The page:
This type of imaging includes Endoscopic Retrograde CholangioPancreatography (ERCP) and Endoscopic UltraSound (EUS). Both techniques are performed by highly specialized gastroenterologists. ERCP examines the bile ducts and pancreatic duct by injecting contrast into these ducts through the opening in the duodenum called the ampulla. If the bile duct is blocked by tumor, it can usually be opened during this procedure with a plastic or metal tube called a stent. Tissue can also be removed to confirm the diagnosis of pancreatic cancer. EUS involves using ultrasound built into an endoscope to look directly at the pancreas. This technique is very sensitive for small masses, and can be used to precisely guide a biopsy needle into a mass to confirm a diagnosis of pancreatic cancer. EUS can also examine the relationship of the cancer to nearby structures including blood vessels and lymph nodes, providing more information for a precise treatment plan.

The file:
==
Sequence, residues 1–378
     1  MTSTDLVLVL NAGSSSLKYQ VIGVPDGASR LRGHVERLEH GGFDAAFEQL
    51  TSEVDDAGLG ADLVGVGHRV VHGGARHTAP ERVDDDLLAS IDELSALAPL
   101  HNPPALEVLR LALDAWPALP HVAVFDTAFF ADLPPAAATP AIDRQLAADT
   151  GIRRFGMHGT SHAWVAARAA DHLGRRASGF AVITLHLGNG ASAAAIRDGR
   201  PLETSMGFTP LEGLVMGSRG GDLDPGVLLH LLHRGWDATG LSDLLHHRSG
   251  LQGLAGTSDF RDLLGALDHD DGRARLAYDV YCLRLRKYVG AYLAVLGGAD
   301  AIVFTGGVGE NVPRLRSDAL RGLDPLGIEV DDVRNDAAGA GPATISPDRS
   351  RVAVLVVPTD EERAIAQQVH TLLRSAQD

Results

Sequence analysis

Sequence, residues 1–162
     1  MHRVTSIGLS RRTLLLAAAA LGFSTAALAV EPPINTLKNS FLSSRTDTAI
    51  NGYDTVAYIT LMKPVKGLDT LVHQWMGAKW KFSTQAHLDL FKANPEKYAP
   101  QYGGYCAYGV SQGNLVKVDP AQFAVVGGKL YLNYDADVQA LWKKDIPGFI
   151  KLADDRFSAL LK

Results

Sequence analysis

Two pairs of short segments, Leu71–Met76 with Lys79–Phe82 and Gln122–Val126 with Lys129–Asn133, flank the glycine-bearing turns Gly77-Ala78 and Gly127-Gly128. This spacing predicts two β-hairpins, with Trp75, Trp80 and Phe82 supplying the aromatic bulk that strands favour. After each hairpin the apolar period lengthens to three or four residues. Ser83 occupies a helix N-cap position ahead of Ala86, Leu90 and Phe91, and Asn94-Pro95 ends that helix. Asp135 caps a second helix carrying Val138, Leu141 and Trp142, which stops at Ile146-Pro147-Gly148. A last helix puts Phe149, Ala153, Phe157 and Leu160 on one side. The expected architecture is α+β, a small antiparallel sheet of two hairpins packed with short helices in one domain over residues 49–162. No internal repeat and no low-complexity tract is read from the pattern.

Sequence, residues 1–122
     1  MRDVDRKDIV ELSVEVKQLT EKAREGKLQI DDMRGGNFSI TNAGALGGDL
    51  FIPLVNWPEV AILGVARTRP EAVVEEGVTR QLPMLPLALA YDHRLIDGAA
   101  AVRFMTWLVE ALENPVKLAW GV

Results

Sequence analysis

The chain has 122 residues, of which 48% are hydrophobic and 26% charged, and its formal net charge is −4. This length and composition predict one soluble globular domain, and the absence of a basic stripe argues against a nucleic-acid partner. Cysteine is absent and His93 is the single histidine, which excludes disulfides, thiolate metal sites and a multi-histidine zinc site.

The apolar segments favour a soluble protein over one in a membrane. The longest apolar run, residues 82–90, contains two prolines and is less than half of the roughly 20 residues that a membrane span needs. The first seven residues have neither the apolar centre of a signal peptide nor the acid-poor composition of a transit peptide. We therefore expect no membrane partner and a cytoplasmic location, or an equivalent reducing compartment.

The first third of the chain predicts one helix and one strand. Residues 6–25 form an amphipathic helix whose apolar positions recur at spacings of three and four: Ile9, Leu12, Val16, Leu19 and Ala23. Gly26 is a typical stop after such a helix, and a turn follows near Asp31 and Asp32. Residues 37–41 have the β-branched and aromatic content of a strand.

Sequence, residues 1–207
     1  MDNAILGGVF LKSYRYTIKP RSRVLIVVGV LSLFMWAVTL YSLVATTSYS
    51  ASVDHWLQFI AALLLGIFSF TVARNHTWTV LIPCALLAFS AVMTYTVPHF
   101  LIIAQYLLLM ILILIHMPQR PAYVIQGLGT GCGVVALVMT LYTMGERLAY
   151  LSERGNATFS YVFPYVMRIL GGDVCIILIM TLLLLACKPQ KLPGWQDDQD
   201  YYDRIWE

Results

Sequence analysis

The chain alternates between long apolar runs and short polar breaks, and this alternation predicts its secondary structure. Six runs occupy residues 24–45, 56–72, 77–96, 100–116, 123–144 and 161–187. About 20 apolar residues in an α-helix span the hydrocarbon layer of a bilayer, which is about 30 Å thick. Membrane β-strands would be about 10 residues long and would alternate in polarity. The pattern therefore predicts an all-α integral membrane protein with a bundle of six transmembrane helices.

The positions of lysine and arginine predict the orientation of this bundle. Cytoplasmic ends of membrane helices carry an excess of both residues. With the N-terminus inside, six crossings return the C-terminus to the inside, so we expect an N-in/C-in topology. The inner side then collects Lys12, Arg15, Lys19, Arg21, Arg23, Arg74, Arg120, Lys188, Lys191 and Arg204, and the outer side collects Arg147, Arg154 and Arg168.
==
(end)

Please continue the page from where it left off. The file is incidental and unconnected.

There are no laboratory studies that can diagnose pancreatic cancer. However, there is a tumor marker called CA 19-9 that can be measured in the blood that can be useful in following treatment.Back to Top
Pancreatic Cancer Staging
Pancreatic cancer staging is determined by the size of the main tumor, spread to lymph nodes, and spread to other organs. Treatment choices and outcomes are determined by staging.
- Stage IA: The tumor is 2 cm or less in size and confined to the interior of the pancreas, no spread to lymph nodes